IT’S HARD to imagine a little used amphitheatre next to the Mount Isa Civic Centre was the site of a televised discussion about homosexuality.
In 1976 Sydney based gay rights activist Lex Watson was interviewed on the stage by presenter Robert Clifton Moore on Monday Conference, with questions taken from the local crowd.
In 2017 as the topic of legislating gay marriage flared across Australia with the timing of postal votes, so do the media reports of abuse from both sides of the argument.
But 40 years ago when Mr Watson visited a more conservative mining town he had sewage thrown at him on national television for speaking his views.The man who threw the sewage from a bottle was escorted from the area by local police as shown on an edited Youtube version of the episode.
When Mr Watson died in 2014 this event was included in his obituary. Many in the crowd showed support and at the end of the program there was loud applause from the crowd. However, some in the crowd expressed concern that God used cyclones to highlight his displeasure, or made claims of links between murder and homosexuals. Mr Watson responded to the first by saying “superstitious nonsense” and the second by explaining homosexuals were the victims themselves.
Joe Rogers, of Mount Isa, voted ‘no’ in the marriage equality vote. He recalls when the televised event was held in 1976. He was working underground at the time so could not attend but he worked with the man who threw the sewage. Mr Rogers said he watched the man fill the bottle from what was known as a “geisha” 19 levels underground.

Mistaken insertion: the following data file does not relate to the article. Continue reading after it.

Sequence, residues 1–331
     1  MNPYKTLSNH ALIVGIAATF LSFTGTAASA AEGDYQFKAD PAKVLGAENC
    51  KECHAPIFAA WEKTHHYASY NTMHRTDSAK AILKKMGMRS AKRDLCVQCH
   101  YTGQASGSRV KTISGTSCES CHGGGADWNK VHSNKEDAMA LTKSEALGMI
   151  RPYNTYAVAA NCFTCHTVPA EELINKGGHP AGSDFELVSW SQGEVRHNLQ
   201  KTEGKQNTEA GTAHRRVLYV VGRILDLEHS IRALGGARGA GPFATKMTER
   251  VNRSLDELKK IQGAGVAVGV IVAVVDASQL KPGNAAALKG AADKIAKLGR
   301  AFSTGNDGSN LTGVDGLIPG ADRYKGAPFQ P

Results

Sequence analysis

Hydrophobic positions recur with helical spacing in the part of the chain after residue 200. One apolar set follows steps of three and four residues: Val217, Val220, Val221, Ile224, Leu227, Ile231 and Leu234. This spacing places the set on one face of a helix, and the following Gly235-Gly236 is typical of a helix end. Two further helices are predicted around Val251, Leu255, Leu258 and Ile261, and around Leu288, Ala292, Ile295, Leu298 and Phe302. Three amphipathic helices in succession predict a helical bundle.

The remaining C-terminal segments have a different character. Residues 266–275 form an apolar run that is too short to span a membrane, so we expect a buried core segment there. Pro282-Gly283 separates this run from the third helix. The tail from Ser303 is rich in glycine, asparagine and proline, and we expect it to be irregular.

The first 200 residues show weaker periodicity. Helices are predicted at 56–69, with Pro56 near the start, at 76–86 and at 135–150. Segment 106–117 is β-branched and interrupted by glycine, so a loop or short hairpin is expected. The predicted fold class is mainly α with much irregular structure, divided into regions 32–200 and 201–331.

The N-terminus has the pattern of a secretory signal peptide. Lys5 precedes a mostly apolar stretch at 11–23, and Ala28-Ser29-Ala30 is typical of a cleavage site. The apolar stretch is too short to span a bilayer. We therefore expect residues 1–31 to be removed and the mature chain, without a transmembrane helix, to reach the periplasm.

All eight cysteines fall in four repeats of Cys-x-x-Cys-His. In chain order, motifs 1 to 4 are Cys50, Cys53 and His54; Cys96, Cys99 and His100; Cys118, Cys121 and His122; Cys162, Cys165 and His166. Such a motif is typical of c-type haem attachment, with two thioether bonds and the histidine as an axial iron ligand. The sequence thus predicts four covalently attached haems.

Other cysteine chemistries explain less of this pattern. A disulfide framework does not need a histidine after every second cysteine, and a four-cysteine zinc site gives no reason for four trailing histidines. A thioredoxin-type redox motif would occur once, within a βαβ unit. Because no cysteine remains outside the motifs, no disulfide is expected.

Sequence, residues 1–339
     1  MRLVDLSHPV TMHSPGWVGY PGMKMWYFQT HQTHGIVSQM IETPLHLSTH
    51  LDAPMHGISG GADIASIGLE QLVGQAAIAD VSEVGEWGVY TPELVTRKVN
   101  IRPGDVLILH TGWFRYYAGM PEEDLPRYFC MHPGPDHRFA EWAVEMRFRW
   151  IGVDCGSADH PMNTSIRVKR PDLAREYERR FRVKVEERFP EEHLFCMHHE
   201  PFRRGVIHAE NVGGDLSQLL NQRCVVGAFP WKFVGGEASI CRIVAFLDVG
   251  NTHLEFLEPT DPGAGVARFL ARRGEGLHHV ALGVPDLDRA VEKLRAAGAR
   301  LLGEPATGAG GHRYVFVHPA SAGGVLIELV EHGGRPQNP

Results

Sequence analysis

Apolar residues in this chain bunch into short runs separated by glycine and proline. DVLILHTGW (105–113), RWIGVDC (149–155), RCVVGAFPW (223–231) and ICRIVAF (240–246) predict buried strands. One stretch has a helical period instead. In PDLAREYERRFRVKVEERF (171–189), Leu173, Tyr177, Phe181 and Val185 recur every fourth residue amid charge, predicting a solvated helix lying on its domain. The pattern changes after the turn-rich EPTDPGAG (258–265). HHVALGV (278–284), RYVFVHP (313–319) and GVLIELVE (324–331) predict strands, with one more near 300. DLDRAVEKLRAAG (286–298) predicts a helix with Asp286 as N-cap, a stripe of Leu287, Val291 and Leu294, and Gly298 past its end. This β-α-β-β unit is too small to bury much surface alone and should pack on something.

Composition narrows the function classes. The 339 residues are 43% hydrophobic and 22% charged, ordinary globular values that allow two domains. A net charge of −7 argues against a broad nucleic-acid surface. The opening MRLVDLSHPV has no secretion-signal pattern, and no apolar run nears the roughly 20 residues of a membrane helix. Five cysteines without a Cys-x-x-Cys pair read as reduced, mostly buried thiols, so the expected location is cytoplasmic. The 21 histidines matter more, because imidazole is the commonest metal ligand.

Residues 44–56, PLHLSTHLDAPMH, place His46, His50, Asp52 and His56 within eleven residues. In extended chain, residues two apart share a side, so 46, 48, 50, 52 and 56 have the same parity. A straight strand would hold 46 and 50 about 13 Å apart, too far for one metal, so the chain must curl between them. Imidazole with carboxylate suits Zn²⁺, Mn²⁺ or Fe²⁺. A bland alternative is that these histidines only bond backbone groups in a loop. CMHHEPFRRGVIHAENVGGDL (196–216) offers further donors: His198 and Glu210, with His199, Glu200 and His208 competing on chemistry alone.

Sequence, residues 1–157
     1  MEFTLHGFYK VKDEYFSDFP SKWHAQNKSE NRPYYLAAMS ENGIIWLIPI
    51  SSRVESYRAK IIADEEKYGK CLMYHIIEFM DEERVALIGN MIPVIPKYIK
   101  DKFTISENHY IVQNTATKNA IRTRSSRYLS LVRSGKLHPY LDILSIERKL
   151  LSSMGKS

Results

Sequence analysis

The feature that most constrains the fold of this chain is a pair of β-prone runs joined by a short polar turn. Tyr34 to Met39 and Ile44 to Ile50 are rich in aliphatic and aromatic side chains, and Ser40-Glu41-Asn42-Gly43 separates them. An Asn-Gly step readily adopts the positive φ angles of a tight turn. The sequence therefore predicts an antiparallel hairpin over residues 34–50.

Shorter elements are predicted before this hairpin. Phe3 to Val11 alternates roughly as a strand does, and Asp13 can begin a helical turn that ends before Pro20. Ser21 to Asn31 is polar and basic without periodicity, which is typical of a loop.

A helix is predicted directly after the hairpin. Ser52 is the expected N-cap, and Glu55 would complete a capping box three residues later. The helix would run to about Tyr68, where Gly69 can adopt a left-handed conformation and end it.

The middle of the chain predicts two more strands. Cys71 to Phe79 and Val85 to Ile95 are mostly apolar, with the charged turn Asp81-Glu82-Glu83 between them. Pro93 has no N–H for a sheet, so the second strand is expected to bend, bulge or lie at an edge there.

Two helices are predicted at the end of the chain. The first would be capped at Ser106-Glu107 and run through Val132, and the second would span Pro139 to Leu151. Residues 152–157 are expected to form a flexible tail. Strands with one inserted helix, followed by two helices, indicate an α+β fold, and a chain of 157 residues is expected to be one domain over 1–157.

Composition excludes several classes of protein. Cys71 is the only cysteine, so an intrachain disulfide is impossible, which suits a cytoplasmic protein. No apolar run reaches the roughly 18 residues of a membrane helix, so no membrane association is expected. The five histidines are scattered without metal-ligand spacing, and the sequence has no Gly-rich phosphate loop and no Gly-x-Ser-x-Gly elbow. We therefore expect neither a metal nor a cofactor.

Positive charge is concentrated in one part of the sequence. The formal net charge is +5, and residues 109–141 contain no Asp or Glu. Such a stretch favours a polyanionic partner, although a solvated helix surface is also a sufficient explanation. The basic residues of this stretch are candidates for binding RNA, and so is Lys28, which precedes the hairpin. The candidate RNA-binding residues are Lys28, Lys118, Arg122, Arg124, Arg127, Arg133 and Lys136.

“When he did it we laughed and joked about it for months after,” Mr Rogers said. “It landed on his (Mr Watson’s) boot and they reckon he did not bat an eyelid.
“That was the joke at the time.”
Mount Isa man Barry Byrne, who has recently spoken about his homosexuality, watched the episode of Mr Watson’s televised discussion a fortnight ago. He thought Mr Watson handled himself well.
“I can see the higher level of animosity back there which I suppose in some respects is understandable,” Mr Byrne said. “But there was a lot of applause. I did note that.”
He thought the actions of the man who threw sewage were “regrettable”.
“I saw the gentleman being escorted off. I do hope he was charged and I do not mean that in a malicious sense.”
Mr Byrne said there was still much relevance from the topics discussed in the program even though it was aired 40 years ago. “It’s similiar to a debate we’re having today.
“Whatever your social viewpoint, everyone in this country and everyone in this world deserves respect and love.”